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By Alexa Oslowski

May 31, 2021 (La Mesa) - The La Mesa City Council is on track to fill  Dr. Akilah Weber’s former seat with a special election, but the date remains uncertain. The vacancy occurred after Dr. Weber won a special election to the state Assembly, filling a vacancy left when her mother, Shirley Weber PhD, was appointed Secretary of State.

The Council has until a June 18 deadline to announce an appointment process or call for an election, under the city charter. But on April 27, the Council meeting ended in no decision after a 2-2 vote, with Mayor Mark Arapostathis and Councilman Bill Baber in favor of an election and Councilmen Jack Shu and Colin Parent in favor of an appointment.  So the Council agreed to postpone its decision until the May 11 Council meeting.

On May 11, a still divided Council agreed to monitor the California Secretary of State's office for announcements of the recall election for Governor Gavin Newsom, since a special election for Dr. Weber’s seat would be less costly if timed to coincide with the statewide recall race and should also generate higher voter turnout.

However, the state’s deadline to announce the gubernatorial recall election isn’t until July 11, which could come too late for La Mesa’s June 18 deadline. 

At the May 11 meeting, all members of the La Mesa City Council stated that they are in favor of scheduling an emergency meeting on or before June 18, as soon as the recall election date is announced. If no announcement from the state is made by then, the Council will determine a date to vote on Dr. Weber’s replacement.

The public comments from both meetings showed more residents were in favor of allowing a special election, and many cited apprehension over an appointment leaving out crucial representation.

“There were 103 e-mails in favor of holding a special election and 13 emails in favor of a Council appointment received before the 4 p.m. public comment policy deadline,” La Mesa City Clerk Megan Weigleman said.

With Dr. Weber no longer on the City Council, there are no women and no Black members, leaving out representation for key constituencies that helped elect Weber. Many people making public comments also shared concerns over potential conflicts of interest with any possible appointees, an issue that has come up with Councilman Colin Parent in the past.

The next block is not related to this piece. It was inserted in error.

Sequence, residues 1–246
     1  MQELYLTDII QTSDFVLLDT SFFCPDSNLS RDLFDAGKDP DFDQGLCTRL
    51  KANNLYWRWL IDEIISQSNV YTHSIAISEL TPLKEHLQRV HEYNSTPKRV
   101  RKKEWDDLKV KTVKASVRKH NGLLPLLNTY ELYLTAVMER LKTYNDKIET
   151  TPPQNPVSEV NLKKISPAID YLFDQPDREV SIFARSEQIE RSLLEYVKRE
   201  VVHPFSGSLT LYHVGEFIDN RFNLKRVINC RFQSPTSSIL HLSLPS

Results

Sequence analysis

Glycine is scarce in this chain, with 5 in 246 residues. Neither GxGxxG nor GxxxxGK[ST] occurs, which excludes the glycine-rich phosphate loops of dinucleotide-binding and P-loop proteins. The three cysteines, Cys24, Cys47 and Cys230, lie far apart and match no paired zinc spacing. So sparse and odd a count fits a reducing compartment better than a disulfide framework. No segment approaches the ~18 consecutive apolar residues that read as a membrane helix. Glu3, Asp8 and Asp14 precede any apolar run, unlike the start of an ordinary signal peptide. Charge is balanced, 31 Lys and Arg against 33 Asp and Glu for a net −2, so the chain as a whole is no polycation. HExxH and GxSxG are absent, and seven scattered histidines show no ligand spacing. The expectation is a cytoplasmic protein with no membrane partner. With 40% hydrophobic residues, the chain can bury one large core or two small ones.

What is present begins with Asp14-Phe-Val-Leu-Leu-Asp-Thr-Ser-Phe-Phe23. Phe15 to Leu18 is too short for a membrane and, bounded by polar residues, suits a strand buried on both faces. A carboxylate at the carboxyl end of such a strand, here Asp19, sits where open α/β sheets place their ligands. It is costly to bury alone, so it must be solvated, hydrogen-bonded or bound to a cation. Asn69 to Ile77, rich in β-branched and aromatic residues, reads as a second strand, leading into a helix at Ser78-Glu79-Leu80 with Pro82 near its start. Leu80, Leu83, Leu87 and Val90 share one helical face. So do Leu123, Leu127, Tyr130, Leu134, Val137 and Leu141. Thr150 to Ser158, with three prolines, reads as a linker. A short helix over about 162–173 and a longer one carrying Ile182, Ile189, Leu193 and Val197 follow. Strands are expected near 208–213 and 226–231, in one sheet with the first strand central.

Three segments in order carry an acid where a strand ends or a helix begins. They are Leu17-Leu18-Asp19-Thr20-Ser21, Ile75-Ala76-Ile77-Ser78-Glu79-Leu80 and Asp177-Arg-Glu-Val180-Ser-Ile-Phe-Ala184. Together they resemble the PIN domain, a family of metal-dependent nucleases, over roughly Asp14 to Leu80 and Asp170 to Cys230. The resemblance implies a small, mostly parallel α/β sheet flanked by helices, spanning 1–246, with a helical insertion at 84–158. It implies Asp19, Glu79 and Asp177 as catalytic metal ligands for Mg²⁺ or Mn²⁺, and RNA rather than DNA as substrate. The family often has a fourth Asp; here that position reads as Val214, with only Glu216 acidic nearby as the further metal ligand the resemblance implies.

Those who wanted an appointment stated they believe that a special election, which will cost hundreds of thousands of dollars, is a poor use of taxpayers’ money; others said an appointment selection is part of the City Council’s responsibility.

At the May 11 Council meeting, Weigleman stated that San Diego County did confirm that it would likely be able to support an all-mail ballot special election, a concern that had been brought up in April during the first discussion. However, the County also stated that an all-mail ballot cannot take place on a regularly established election date per the elections code, which this year is November 2.

Councilman Parent was not a fan of holding a special election due to concerns over voters having their voices heard. He noted that for the last special election, the voter turnout was under 20%. Parent also stated if an election happens there should be as many efforts as possible to engage voters and create a higher turnout.

Councilman Baber, who always supported holding a special election, also supports implementing these efforts.

In other action, the Council voted for Councilman Shu to replace Dr. Weber as Vice Mayor until August, after which he will serve another term as Vice Mayor until August 2022, which will make Shu one of the longest-serving vice mayors in the city’s history.



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